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Choosing a Weight Loss Buddy

Teaming up is more fun, and it may even help you shed more pounds.
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WebMD Feature

There's no getting around it: The road to weight loss can be a bumpy one. But much like life's other journeys, the going can be smoother when you have someone to share the trip.

That's where a "diet buddy" comes in -- a partner who not only shares your weight loss and workout goals, but can help you navigate a kinder, gentler path to sveltesville. Many experts now say buddying up can make the difference between failure and success with any weight loss plan.

"Most people put all their effort into finding the right diet or exercise program but don't put any energy into creating a support and accountability system, and too often, that's where the devil lies," says Adam Shafran, DC, an exercise physiologist and chiropractor who is the author of You Can't Lose Weight Alone: The Partner Power Weight Loss Program.

Shafran, who also hosts Dr. Fitness and the Fat Guy, an Internet radio show focusing on weight loss, says people fail not necessarily because they're following a bad weight loss plan, but because they lack a good support system.

"It can be the deciding factor that makes a diet work -- or not work," say Shafran.

Some psychologists agree.

"In the realm of dieting, there is evidence that social support is a positive factor influencing weight loss," says Kenneth Schwarz, PhD, who with his wife, Julie Schwarz, wrote the book Maria's Last Diet: How to Break through the 15 Obstacles to Achieve Diet Success.

In research published in the Journal of Consulting and Clinical Psychology in 2005, doctors at Brown Medical School and Dartmouth University found that people who had an exercise buddy who successfully lost weight were more successful at losing, too.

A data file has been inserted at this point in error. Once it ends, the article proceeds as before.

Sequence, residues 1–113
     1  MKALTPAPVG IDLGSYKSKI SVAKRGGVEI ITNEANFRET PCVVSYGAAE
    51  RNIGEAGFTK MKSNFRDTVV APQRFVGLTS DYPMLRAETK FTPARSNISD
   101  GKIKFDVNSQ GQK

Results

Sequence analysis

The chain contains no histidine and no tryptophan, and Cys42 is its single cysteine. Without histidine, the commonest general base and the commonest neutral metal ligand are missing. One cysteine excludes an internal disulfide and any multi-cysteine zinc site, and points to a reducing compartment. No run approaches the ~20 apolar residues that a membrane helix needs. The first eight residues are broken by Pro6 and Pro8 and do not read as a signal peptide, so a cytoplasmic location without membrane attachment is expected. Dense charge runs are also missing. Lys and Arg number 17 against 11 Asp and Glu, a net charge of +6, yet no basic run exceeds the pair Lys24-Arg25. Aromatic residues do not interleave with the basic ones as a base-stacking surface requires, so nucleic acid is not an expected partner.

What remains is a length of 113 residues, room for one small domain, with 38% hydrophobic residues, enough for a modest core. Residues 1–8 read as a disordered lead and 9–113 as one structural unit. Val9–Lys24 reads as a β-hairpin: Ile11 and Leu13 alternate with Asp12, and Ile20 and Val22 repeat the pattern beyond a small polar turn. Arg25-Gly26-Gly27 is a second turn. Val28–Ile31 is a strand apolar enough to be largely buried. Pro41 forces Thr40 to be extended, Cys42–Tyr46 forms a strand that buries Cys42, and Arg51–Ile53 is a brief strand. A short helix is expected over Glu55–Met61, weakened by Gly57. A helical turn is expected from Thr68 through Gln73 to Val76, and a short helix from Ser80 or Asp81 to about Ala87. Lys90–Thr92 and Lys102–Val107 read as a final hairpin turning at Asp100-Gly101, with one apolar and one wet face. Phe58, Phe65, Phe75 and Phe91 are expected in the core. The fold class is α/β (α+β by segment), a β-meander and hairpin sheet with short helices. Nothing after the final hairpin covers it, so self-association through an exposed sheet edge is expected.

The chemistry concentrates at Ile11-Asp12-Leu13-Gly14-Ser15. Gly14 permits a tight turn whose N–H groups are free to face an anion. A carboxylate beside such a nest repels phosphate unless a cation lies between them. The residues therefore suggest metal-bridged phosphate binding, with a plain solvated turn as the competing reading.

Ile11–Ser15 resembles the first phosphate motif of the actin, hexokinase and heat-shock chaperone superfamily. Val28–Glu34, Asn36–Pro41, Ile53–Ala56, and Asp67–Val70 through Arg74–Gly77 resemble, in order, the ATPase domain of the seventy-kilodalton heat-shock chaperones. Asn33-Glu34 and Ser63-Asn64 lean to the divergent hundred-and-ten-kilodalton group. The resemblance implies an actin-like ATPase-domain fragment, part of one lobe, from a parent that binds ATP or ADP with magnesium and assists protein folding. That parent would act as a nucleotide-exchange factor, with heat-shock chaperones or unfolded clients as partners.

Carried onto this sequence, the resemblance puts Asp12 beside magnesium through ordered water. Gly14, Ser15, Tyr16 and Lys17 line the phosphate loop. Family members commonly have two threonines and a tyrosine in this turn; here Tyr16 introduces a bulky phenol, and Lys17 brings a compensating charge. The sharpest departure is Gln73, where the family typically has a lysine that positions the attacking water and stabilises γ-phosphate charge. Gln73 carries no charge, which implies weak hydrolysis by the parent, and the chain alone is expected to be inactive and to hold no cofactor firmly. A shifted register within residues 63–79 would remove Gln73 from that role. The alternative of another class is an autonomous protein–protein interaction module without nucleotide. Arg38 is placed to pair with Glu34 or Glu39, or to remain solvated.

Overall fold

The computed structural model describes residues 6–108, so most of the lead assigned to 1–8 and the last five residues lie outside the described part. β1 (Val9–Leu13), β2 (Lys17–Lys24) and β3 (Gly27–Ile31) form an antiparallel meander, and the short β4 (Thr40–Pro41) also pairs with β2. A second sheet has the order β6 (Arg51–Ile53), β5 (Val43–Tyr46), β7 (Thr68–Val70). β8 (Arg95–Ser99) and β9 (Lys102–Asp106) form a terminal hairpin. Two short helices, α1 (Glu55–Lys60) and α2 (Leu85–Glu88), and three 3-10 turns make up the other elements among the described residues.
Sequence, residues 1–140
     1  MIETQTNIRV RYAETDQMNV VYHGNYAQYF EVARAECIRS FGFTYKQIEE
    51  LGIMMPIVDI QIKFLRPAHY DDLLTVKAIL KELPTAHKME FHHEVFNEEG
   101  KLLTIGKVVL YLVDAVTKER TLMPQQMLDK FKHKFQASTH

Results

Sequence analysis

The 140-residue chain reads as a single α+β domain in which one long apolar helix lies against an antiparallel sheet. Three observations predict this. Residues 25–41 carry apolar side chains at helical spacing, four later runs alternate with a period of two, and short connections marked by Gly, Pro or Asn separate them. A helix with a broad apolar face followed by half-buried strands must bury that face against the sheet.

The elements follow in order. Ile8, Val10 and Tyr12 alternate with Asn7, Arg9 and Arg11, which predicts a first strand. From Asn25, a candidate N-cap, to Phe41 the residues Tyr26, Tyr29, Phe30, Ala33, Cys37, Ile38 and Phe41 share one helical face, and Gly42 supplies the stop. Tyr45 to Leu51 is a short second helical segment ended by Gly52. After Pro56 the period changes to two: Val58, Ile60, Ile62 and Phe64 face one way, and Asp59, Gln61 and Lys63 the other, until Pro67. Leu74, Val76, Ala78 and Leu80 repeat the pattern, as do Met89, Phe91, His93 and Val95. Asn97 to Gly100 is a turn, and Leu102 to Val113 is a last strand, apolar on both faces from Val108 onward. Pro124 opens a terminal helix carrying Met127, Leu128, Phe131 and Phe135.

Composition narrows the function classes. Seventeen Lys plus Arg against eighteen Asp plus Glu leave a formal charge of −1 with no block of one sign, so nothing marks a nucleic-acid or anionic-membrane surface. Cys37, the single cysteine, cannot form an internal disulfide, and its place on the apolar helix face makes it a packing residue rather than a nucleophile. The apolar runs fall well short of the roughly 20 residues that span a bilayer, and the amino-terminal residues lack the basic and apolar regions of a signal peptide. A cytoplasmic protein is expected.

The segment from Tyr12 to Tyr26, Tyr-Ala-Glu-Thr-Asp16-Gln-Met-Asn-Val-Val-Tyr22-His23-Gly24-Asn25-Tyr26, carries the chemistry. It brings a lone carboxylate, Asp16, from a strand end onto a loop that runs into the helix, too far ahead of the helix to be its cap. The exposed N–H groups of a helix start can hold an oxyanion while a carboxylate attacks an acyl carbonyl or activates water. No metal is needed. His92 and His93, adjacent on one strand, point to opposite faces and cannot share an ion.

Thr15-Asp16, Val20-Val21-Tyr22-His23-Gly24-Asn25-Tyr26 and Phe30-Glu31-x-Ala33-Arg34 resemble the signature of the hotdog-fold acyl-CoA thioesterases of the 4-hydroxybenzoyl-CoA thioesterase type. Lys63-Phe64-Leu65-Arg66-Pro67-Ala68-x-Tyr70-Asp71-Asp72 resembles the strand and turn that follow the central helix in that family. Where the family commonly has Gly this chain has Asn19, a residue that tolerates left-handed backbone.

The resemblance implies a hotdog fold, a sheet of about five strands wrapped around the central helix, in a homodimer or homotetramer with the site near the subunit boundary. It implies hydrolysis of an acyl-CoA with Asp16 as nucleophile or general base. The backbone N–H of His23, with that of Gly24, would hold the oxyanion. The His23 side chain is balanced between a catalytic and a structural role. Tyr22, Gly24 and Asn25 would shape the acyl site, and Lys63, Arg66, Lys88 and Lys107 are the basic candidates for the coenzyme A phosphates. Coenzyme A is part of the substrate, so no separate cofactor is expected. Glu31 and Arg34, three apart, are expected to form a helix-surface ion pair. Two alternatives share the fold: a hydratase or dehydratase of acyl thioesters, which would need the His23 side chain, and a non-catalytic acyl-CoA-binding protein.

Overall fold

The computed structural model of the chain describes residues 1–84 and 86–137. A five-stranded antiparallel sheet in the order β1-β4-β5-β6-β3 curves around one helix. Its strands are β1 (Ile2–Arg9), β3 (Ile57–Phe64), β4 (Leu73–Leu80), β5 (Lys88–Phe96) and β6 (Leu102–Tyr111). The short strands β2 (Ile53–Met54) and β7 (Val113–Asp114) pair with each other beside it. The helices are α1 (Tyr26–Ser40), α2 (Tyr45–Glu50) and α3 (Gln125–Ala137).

What Makes a Good Buddy

Most of us know what turns us on in a partner, and it's easy to count the virtues of our best friends. But if you're thinking of using these same guidelines to find a diet buddy, you could be making a mistake.

"You may have a partner or a best friend who you love dearly, but if you're still overweight and struggling to lose it, then clearly, that partnership, while perfect in other areas of your life, is not the right relationship to help you lose weight," says Joey Dweck, founder and CEO of DietBuddy.com, an online "match service" for those seeking weight loss partners.

As such, he says, seeking a diet buddy who has the same qualities you see in your partner or best friend may not be the ideal solution.

Experts say that sometimes, qualities you would never tolerate in a partner -- like holding you accountable for every bite you take -- could be the very qualities you need in a weight loss buddy.

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